We also found that men and women with a mood disorder and a high intake of sugar from sweet food and drinks were at higher risk of becoming depressed again five years later, compared with those who consumed less sugar. But this association was partly explained by their overall diet.
We found no evidence for a potential reverse effect: participants did not change their sugar intake after suffering from mood disorders.
The Role Of Tryptophan
Tryptophan is an amino acid that is a precursor of serotonin. That means your body needs tryptophan to make serotonin. Tryptophan may also produce a calming effect through interactions that take place within the realm of the gut-brain axis.
Several studies have proposed that low levels of tryptophan can increase hunger and drive food cravings, as well as contribute to symptoms of depression.
A diet with plenty of high-tryptophan foods may be helpful in boosting mood and managing cravings. Tryptophan is naturally found in protein-rich foods such as seafood, eggs, and poultry, and can also be taken in the form of a supplement.
Emerging Trends In Substance Misuse:
- MethamphetamineIn 2019, NSDUH data show that approximately 2 million people used methamphetamine in the past year. Approximately 1 million people had a methamphetamine use disorder, which was higher than the percentage in 2016, but similar to the percentages in 2015 and 2018. The National Institute on Drug Abuse Data shows that overdose death rates involving methamphetamine have quadrupled from 2011 to 2017. Frequent meth use is associated with mood disturbances, hallucinations, and paranoia.
- CocaineIn 2019, NSDUH data show an estimated 5.5 million people aged 12 or older were past users of cocaine, including about 778,000 users of crack. The CDC reports that overdose deaths involving have increased by one-third from 2016 to 2017. In the short term, cocaine use can result in increased blood pressure, restlessness, and irritability. In the long term, severe medical complications of cocaine use include heart attacks, seizures, and abdominal pain.
- KratomIn 2019, NSDUH data show that about 825,000 people had used Kratom in the past month. Kratom is a tropical plant that grows naturally in Southeast Asia with leaves that can have psychotropic effects by affecting opioid brain receptors. It is currently unregulated and has risk of abuse and dependence. The National Institute on Drug Abuse reports that health effects of Kratom can include nausea, itching, seizures, and hallucinations.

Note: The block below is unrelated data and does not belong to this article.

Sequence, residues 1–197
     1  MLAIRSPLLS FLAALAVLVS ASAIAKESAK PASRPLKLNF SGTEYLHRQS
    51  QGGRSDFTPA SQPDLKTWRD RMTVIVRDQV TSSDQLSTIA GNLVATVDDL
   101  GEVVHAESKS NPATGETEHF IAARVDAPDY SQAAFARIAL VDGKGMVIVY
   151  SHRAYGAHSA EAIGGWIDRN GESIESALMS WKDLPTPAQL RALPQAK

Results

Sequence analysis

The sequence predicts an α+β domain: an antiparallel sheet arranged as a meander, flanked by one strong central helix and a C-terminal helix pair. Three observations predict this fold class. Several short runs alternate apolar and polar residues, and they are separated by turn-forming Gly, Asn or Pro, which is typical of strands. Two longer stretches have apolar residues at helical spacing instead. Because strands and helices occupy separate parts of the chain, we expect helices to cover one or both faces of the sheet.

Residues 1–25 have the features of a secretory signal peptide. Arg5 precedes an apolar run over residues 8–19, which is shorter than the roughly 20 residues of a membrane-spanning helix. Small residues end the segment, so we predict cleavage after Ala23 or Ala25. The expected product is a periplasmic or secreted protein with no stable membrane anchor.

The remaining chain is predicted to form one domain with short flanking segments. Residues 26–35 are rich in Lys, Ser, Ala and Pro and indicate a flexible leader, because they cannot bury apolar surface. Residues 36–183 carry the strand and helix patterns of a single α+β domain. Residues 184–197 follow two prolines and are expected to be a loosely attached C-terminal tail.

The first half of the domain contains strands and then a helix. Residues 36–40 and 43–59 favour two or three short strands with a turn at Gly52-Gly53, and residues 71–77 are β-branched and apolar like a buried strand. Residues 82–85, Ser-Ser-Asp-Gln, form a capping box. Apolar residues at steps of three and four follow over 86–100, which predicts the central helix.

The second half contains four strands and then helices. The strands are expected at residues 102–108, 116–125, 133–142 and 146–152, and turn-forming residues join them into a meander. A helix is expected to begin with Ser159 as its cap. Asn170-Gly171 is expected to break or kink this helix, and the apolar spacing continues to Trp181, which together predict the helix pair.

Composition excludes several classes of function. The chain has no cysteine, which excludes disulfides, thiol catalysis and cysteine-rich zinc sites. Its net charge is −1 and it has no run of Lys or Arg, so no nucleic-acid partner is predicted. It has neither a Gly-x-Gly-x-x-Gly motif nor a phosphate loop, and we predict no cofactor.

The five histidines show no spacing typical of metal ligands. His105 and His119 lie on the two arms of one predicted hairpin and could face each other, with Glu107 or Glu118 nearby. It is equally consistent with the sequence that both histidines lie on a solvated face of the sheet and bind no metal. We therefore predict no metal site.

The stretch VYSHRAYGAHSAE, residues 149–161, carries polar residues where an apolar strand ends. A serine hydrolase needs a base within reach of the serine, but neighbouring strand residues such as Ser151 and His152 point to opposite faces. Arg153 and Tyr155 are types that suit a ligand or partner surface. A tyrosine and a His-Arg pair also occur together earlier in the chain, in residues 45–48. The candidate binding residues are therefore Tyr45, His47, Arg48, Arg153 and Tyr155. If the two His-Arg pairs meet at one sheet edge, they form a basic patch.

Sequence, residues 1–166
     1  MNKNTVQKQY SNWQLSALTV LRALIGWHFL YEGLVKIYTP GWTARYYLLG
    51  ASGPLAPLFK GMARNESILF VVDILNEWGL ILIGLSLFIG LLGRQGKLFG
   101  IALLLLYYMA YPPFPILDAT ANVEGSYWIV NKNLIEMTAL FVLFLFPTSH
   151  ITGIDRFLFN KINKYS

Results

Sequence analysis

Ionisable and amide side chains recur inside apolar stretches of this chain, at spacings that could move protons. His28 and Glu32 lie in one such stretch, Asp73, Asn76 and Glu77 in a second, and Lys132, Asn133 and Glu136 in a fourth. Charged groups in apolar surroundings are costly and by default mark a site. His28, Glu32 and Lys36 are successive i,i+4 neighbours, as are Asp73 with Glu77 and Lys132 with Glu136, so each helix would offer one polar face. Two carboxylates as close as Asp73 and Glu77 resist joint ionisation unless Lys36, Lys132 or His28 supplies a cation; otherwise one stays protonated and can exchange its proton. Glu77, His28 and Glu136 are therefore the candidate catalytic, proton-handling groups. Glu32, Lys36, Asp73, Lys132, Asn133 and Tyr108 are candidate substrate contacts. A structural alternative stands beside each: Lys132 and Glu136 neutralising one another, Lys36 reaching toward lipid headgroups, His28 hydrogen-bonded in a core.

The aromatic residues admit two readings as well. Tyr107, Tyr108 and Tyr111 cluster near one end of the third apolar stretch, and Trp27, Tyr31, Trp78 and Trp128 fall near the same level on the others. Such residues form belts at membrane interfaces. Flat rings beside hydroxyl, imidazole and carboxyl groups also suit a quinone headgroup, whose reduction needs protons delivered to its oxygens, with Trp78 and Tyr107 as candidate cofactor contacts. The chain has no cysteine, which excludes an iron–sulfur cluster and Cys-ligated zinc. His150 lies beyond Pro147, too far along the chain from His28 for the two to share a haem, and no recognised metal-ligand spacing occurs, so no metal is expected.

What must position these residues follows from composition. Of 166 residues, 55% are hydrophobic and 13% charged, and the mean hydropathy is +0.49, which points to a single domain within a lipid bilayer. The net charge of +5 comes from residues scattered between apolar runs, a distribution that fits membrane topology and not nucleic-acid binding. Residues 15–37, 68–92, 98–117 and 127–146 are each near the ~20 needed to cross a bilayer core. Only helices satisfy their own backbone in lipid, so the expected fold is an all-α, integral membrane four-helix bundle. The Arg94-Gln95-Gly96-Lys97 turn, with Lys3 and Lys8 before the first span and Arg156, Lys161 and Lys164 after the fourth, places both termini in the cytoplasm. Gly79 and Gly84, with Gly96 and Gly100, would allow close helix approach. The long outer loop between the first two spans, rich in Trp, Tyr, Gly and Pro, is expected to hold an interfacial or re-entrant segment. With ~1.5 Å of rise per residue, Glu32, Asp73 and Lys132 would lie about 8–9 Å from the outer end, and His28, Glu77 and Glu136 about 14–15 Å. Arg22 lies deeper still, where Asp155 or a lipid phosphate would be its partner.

Coping With Food Cravings
While you might feel better at the moment, overindulging in sweets to cope with stress has long term physical consequences such as weight gain. There are also emotional consequences. Over time, a high-sugar diet may worsen symptoms of depression .
There are some ways you can learn to cope not only with cravings but what is causing them. Its important to address whats really driving you to reach for a cookie when youre upset so you can better care for your mind and body.
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What Does Too Much Sugar Do To Your Body
Scientists now point to the consumption of sugar as one of the biggest threats to human healthincluding mental health.
Its common knowledge that eating too much sugar and processed foods can lead to health problems like obesityandtype 2 diabetes in young adults. But thats not all. As researchers explore the question What does too much sugar do to your body?, theyre drawing new conclusions about sugars negative impact on well-being, learning ability, mood, and overall quality of life.
Recent studies on sugar and mental health have found that consumption of sugar and sugar additives has the following results:
- Reduced cognitive function.
Thats important information for young adults, who tend to consume more sugar than other age groups. According to research by Healthy Food America, individuals between the ages of 20 and 29 have the highest rate of sugar intake than any other demographic.
The Blood Sugar Roller Coaster
Foods with a high glycemic index like sugar, high fructose corn syrup, or wheat cause blood sugar levels to spike.
The body responds by making insulin which causes the blood sugar level to drop.
Lowered blood sugar then causes the adrenal glands to release the stress hormones cortisol, norepinephrine, and epinephrine.
This prompts the liver to release stored sugar to bring blood sugar levels back to normal.
But these hormones, the same ones released when the body is in fight-or-flight stress mode, also ramp up anxiety.